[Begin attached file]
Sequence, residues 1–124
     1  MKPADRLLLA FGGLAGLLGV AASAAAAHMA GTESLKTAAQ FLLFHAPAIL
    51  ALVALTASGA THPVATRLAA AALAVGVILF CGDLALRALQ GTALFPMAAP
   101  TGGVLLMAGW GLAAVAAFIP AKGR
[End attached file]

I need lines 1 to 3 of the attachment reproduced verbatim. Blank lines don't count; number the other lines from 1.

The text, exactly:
Sequence, residues 1–124
     1  MKPADRLLLA FGGLAGLLGV AASAAAAHMA GTESLKTAAQ FLLFHAPAIL
    51  ALVALTASGA THPVATRLAA AALAVGVILF CGDLALRALQ GTALFPMAAP